Can you believe that when I met him TD had never had a churro? You think you know someone and BAM a little fact like that slips out.
On the one hand, I’ll admit it was pretty ethnocentric of me to believe that the churro was as ubiquitous in other parts of the country as it is in Southern California. On the other hand, we’re talking about a man who lists the Choco Taco as a favorite dessert. Explains a lot doesn’t it?
Whether or not churros are a part of your cultural landscape, you can’t deny the allure of cinnamon and sugar together. Add in a cinnamon infused cream cheese filling and you’ve got yourself an easy win.
cinnamon shells with cinnamon cream cheese filling and a dusting of cinnamon sugar on top
for the shells, makes 18-20 shells for 9-10 finished cookies
- 60 grams almond meal
- 100 grams confectioner’s sugar
- 1/2 tsp ground cinnamon
- 50 grams egg whites
- 20 grams granulated sugar
Note: I did not use food coloring in these guys because the little flecks on cinnamon were too pretty to cover up.
- Preheat oven to 315 degrees. Line two baking sheets with parchment. I like to draw the circles with Sharpie on a couple of pieces of parchment as a stencil. In order to use them multiple times I lay another piece of parchment over the top.
- Weigh and measure out all of your ingredients. When I’m making multiple batches I actually weigh out the almond flour, sugar and any other dry ingredients into separate zip-lock baggies and label them.
- In a food processor fitted with a blade, pulse together almond meal, cinnamon and confectioner’s sugar. Give it a few pulses then sift into a medium bowl. Set aside.
- In a standing mixer fitted with the whisk attachment (or an electric hand mixer), add the egg whites. Beat on medium low until frothy.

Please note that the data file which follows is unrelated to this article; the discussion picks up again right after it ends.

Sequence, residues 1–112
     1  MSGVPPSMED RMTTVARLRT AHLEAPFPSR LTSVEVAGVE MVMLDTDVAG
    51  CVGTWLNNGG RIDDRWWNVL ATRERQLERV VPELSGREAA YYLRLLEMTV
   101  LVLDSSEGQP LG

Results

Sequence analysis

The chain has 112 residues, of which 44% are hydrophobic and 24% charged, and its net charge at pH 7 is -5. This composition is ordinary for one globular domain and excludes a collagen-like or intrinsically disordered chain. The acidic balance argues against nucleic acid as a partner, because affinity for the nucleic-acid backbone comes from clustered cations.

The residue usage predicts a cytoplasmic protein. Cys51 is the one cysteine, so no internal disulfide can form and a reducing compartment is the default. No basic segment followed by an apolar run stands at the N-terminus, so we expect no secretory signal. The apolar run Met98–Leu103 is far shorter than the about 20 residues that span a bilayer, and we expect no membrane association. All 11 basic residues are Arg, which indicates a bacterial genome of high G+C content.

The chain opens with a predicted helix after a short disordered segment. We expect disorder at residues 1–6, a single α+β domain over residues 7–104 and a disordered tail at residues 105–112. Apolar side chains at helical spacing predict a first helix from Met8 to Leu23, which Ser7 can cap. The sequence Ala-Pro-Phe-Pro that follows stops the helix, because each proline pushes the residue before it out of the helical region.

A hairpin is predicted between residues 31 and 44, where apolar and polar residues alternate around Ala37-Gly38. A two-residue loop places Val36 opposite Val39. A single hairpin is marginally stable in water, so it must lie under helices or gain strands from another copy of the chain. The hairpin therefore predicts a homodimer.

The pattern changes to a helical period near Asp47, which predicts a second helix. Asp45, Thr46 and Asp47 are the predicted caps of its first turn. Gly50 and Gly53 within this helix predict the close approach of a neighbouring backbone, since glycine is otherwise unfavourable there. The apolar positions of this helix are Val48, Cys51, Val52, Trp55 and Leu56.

- Increase the speed and slowly add the granulated sugar and pinch of salt.
- Beat eggs until they form soft peaks.
- Working in three batches, add first portion of almond meal mixture to the egg-whites. Gently fold until just combined. Repeat with the additional two portions of meal folding to combine while using as few folds as possible.
- To test if the batter is ready to pipe, scoop about 1/4 tsp onto a flat surface. The batter should act like lava and spread enough to lose its peak but not its shape. I usually do this test several times starting at the point where everything is just combined. If you under-mix the batter you can always give it a few more folds. However, you are out of luck if you over mix. So, err on the side of multiple tests.
- When the batter is ready, pour it into your piping bag. To be honest, I don’t bother with a tip, I just snip the bag about an inch or so from the tip.
- Pipe your shells onto the parchment-lined baking sheets.
- Allow to sit for 10-60 minutes or until the shells appear dry. I have found this process is heavily dependent on the weather. The more moisture in the air, the longer they need to sit.
- Working with one sheet at a time, bake for about 20 minutes. To test, gently grab one corner of the parchment and attempt to peel it from the shell. A clean peel means the shells are done. If they are sticky, back in the oven for another 5 minutes and test again.
- Let the shells cool but once cool, carefully remove from the parchment. I have found that you don’t want to let the cooled shells sit on the parchment.
for the filling
- 4 ounces cream cheese (I like to use a lower fat version to keep the filling from being too heavy)
- 1 C confectioner’s sugar
- 1 tsp ground cinnamon (more to taste)
- 1/2 tsp vanilla
- Optional: 4 TBS or so of cinnamon sugar for dusting (4TBS granulated sugar + 1 /2 tsp cinnamon)
- Beat the cream cheese with an electric hand-mixer until smooth.
- Add- in remaining ingredients and beat until combined.
- Once the sandwich cookies are filled, dip the finished cookie in a shallow dish of cinnamon and sugar. The surface tension should be enough to keep some of the fine granules stuck to the cookie.